Leonard Matthews, General Managing Editor of Fleetway and the Eagle Group of Comics, was a Creative Visionary… but that, Roger Perry argues in his extensive biography of the man which continues here on downthetubes, is only due to him having utilised the ideas of others.
In the final part of this twelve-part series, Roger Perry clarifies points made in past chapters, looks back on Leonard Matthews career – and sums up his contribution to British comics – and publishing in general…
The Dipping of Hands into The Freelance Money-Pot
Looking back at all the goings-on during that magical time in the 1960s and 70s – now more than half-a-century ago – it’s pretty clear that a good many creative persons employed within the publishing environment of Fleetway Magazines had not only had the opportunity to earn copious amounts of extra cash over and above their given weekly wages but were also being encouraged to do so (as you no doubt will read later on).
Referring back to Part Two, Brian Woodford (who’d been an editorial assistant on the Leonard Matthews-initiated comic magazine Top Spot before in effect becoming its editor – this being during its dying throes) hadn’t pulled any punches when he’d divulged that staff had not been shy in dipping their hands into the freelance pot for the slightest thing.
He’d continued by saying:
On Top Spot – with staff quickly increasing to around 12 – so too had the problems become compounded… problems that might possibly have contributed to its eventual downfall.
Staff had earned a large quantity of extra cash for just reading the material and giving it either the thumbs up sign… or down as the case may be.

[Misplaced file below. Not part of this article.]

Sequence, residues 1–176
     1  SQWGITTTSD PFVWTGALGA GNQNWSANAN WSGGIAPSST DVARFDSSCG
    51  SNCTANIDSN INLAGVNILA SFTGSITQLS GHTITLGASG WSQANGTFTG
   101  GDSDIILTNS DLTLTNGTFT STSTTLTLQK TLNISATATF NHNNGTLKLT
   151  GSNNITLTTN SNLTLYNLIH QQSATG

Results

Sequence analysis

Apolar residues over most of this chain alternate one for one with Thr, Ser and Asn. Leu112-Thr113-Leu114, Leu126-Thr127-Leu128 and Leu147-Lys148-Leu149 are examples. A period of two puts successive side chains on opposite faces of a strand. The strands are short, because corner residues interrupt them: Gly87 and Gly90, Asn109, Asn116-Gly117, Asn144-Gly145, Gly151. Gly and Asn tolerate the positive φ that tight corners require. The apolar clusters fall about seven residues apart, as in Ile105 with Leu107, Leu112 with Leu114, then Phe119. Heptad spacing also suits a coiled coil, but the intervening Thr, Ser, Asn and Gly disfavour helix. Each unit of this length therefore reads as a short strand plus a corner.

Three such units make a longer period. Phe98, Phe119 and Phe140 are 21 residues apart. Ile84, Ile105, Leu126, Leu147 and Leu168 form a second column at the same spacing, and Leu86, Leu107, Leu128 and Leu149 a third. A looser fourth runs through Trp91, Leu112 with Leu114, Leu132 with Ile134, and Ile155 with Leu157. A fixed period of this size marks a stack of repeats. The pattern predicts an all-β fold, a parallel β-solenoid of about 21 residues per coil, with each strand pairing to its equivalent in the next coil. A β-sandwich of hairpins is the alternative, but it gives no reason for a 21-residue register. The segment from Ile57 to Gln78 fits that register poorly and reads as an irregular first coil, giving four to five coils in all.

There were just too many cooks in the kitchen and this had created far too many overheads.
Also in Part Two, you will recall an exchange of mailings between Brian Woodford and Michael Moorcock (correspondence that had appeared on the latter man’s website called Michael Moorcock’s Miscellany). It was to the effect that Alfred Wallace had been running a scam whereby he had paid himself for reprints (allegedly supplied by others), and that through his ill-gotten gains, he had been able to buy himself three houses.
I have the obligation to interject an extract from a recently-received disclaimer, one that came from Brian – for all my contacts had the chance to read these scribes prior to this series being posted on downthebubes.
This is what he has said:
The dipping into the pot on Top Spot was not under the table or in any way illegal under terms of employment. My mentioning it was in the context of the huge accumulation of stock that transpired because so many cooks were being paid for even the most trivial reasons… for instance, simply reading a first published American short story to determine if it was suitable for Top Spot.